Tuesday, November 24, 2009

It Seems So Simple

"We see our customers as invited guests to a party, and we are the hosts. It's our job every day to make every important aspect of the customer experience a little bit better."
-- Jeff Bezos

Yeah?  If only.

So I was standing in line at the bank yesterday afternoon.  A line of five people.  A line I wouldn't have been standing in at all had the bank not reduced its staff in the commercial department from two full-time people Monday through Friday to one part-timer.  A line that was moving very slowly because there were, in this particular bank, at that point in time, five teller windows with one teller working.  It should be mentioned, too, that the drive-thru lanes outside, I noticed when I drove in, were backed up as well.

Oh, something else: Yes, I was in a hurry.

And yes, I'm the impatient type.

And yes, the last thing bank people - or any service industry people - need do is give customers the time to contemplate how effectively - or ineffectively - they are dealing with the general public by making them stand in a line that is moving at a glacial pace.  Especially a guy like me who counts the wait in seconds, not minutes.

I noticed, as I was waiting in this line - ten minutes? - 600 seconds? - some fella dressed in a suit at the end of the room, looking.  Watching.  Evaluating.  A district or regional or corporate supervisor, I surmised.  There to see if this particular branch was performing up to company standards.

I noticed too, on the wall above this one and only (harried) teller one of those colorful, impactful signs that are meant to make customers feel as if they are special.  One-of-a-kind.  Precious.  Its slogan had something to do with "customer satisfaction."

I looked at the slogan, and then at the supervisor, and back at the slogan, then at the never-shortening line, then back at the supervisor who made no attempt to speed things up.  No attempt to bring about customer satisfaction. He was there, you see, to make sure that the process, as outlined by corporate directive, was being adhered to.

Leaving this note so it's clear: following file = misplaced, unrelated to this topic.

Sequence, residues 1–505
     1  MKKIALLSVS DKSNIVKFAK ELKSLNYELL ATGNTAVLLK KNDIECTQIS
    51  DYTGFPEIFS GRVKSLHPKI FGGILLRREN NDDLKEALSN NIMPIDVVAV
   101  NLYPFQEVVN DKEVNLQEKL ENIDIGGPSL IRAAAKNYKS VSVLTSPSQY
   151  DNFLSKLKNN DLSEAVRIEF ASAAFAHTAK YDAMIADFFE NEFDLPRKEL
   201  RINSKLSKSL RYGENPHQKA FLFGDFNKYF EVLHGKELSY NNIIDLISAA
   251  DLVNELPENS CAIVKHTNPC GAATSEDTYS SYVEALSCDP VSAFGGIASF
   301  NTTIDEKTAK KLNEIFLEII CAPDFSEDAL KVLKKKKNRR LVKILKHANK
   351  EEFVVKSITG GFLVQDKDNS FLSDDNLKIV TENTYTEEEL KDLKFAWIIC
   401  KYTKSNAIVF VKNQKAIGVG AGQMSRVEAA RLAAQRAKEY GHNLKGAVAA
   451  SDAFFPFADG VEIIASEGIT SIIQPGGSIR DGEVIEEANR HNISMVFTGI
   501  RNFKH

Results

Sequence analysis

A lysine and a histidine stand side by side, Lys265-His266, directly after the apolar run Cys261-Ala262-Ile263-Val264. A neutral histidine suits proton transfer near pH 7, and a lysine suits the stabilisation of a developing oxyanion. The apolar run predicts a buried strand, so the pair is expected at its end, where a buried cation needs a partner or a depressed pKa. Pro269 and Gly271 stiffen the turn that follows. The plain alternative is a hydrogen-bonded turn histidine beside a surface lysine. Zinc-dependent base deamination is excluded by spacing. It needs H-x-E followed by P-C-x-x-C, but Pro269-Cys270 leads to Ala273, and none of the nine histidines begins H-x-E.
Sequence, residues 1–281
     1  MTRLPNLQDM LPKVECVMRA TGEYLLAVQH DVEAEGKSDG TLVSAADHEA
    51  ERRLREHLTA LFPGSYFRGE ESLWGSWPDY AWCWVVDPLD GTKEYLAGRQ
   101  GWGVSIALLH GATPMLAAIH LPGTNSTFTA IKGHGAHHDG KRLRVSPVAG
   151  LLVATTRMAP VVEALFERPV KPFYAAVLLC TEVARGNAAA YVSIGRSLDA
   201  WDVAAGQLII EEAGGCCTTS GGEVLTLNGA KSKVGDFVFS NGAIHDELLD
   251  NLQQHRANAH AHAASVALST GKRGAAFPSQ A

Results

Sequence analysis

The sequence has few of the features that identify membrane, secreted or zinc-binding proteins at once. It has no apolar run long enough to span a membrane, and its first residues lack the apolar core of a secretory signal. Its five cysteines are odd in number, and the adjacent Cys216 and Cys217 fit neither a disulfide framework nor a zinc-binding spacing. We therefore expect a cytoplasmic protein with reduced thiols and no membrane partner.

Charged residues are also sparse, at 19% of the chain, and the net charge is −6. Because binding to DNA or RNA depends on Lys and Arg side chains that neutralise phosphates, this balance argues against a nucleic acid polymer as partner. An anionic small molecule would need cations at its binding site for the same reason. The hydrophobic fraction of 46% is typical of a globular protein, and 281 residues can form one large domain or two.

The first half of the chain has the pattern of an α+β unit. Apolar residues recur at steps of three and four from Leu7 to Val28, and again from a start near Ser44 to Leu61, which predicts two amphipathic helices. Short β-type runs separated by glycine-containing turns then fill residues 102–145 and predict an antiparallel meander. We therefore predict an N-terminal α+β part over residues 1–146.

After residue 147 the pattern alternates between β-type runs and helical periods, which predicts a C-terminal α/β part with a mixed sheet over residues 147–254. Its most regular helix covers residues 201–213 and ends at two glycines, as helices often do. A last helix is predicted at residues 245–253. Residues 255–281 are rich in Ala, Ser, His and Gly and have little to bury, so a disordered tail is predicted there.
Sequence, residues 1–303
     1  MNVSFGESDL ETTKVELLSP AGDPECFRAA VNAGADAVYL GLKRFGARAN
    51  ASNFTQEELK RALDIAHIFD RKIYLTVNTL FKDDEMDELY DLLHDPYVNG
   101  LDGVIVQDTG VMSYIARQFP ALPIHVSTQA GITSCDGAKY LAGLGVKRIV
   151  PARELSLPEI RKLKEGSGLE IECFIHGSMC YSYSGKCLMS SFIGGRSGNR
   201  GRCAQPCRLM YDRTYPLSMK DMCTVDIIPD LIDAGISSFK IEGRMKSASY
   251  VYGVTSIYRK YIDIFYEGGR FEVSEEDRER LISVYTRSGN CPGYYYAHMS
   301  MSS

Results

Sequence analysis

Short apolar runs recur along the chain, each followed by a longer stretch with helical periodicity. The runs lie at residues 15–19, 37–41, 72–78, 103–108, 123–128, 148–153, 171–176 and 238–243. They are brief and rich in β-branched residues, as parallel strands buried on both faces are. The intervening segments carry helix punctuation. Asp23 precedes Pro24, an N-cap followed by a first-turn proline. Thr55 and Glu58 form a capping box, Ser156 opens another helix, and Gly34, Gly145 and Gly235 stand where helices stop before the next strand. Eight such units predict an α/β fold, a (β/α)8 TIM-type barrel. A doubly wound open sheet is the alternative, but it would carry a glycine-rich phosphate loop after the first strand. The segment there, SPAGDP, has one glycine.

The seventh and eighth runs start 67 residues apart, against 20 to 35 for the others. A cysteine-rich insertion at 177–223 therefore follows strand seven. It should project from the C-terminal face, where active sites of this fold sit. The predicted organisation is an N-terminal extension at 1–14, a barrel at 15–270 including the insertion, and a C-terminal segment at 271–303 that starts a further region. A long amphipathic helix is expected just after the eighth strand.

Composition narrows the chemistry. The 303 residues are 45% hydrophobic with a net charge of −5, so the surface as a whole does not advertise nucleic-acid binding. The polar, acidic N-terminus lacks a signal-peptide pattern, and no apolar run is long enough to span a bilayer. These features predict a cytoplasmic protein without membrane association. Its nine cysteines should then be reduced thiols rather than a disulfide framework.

The whole situation struck me as being off kilter.  This bank - and that supervisor - weren't seeking - or working to achieve - any level of customer satisfaction.  Not really.  They were seeking and were prepared to accept "customer tolerance."  That supervisor was looking to see that those of us in line were tolerating the fact that there was only one teller on duty and that the line, though not satisfactory, was tolerable.

It was that.  I suppose.

All I needed at that moment was for someone to walk up and hand me one of those infernal "customer satisfaction survey" cards.  Another tool used extensively by those who seek to meet Jeff Bezos's exacting standards.

A post card.

It's easier than unfolding one's arms and pitching in to actually help provide that satisfaction.  Right?

A suggestion: Next time you're being serviced by a company that emphasizes "customer service," decide if the management there - through their actions - are actually seeking to provide customer service or rather if they are searching for that point in the provider/customer relationship beyond which the experience becomes intolerable.  A good indicator: How long are they willing to let that line grow - and how long do they expect a customer to wait - before providing that which that customer came in to accomplish.

Until that point is reached - and they'll continue to push the envelope - you can expect that supervisor to stand there with his arms folded, watching to see to it that his customers are being handled in the prescribed manner.

Customer satisfaction.  Too often a mere slogan ...

Wednesday, November 11, 2009

Here's To America's Veterans

Past ...



And present ...



And to their spouses, who have to put up with endless stretches of time during which their loved ones are off taking America's fight to its enemies so that those enemies don't bring it here.  Again.

Happy Veterans Day.